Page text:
My company moved to its new work space almost a year and a half ago. One of the first things I noticed about our building was that it was mustard colored: a bright, condiment yellow. By itself that was prodigious. But another thing that was notable was that it were located by a creek. It was girdled by concrete, true, but it was a creek regardless. A sign close by even confirmed the fact: Ballona Creek.
I walk by it every working day. In the autumn and winter the rain makes it thrilling and torrential. In spring it relaxes into a mild, green current. In summer, well, sediment is pretty too.
One day, months and months ago, I was walking to work and approaching the bridge that spans over the creek. I look into the creek always, an innocent tryst born of curiosity and hope. But this time I noticed that someone else was doing the same thing. And something must have grabbed his attention, because he had paused: he was watching something.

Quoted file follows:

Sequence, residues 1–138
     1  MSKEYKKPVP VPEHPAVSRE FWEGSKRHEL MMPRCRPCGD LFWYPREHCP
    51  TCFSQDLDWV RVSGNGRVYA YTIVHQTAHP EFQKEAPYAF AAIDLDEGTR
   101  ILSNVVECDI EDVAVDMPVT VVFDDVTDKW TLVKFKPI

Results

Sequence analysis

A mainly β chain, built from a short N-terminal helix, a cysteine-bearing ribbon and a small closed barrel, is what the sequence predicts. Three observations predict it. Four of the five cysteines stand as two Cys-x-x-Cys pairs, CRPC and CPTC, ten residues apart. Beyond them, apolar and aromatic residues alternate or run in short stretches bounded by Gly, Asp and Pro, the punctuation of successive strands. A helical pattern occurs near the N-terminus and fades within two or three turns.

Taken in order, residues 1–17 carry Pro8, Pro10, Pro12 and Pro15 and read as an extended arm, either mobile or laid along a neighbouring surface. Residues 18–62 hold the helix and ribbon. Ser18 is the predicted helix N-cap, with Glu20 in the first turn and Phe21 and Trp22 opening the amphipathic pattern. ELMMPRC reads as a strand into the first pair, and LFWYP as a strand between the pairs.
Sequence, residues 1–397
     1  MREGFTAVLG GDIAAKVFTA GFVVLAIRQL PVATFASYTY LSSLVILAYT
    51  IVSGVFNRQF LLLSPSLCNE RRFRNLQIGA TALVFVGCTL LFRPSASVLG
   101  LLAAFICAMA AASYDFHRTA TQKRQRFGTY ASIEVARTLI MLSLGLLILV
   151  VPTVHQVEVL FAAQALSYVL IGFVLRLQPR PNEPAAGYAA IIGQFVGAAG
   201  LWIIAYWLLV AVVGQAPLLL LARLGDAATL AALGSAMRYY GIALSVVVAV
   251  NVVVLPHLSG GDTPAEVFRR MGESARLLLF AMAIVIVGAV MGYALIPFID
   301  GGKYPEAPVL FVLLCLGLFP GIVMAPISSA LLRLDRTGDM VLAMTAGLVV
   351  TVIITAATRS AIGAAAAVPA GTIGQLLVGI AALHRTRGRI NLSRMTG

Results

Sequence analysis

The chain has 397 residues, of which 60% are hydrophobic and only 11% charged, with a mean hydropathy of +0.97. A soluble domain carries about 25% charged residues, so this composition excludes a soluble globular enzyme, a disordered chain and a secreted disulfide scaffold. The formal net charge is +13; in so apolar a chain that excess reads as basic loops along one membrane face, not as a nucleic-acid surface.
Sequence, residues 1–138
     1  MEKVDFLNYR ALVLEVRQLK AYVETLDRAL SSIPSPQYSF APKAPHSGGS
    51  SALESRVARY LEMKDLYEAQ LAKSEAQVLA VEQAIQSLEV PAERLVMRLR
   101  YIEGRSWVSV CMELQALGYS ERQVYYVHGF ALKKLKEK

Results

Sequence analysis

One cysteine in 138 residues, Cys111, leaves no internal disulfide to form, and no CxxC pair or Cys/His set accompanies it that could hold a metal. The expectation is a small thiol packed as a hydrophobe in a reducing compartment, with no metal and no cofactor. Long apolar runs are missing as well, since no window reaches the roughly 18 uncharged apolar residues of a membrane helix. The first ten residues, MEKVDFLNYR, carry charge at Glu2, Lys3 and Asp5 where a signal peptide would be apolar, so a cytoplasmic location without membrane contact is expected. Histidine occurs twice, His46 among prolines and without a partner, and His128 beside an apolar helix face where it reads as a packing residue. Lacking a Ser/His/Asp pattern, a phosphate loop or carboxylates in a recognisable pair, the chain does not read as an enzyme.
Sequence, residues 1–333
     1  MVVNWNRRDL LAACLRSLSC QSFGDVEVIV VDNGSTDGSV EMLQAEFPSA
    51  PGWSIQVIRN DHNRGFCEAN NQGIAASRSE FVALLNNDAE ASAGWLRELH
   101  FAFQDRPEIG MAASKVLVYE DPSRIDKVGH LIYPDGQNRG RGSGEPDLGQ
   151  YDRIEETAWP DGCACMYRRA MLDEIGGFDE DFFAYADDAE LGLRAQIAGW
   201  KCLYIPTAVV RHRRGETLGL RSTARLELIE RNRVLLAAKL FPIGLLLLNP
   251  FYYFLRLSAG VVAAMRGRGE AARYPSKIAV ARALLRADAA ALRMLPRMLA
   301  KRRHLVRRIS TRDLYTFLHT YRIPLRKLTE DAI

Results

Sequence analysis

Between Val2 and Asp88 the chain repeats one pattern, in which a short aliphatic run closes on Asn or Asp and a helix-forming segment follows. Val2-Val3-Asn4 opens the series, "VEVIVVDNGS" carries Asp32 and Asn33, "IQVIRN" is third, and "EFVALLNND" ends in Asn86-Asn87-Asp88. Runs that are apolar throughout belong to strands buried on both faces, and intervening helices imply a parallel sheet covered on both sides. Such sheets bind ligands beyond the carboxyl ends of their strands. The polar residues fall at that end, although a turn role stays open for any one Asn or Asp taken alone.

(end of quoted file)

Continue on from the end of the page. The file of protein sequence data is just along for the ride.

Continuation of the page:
Now, I don’t know why I spoke to him: perhaps it was, as I recall, a Friday – and on that special day I was more likely to approach a fellow-creature in a rare fit of celebration and friendliness. Anyway, I asked what was of such gripping interest, and he pointed towards the creek. There were four female mallard ducks waddling in the shallows towards – as far as I could make out – the San Diego Freeway.
We happily watched their progress for some time before I had to continue my walk to work. I spent the rest of the day in happy speculation: what were they doing there? How did they get there? What were their plans for the day? Were they on a lady-ducks’ day out? Perhaps on their way to meeting some friends for lunch on the banks of Ballona Creek – or further on, where it empties into the Santa Monica Bay?
Whatever their plans were, it must have pleased them, because even now I swear that I heard them softly, contentedly, quacking to each other.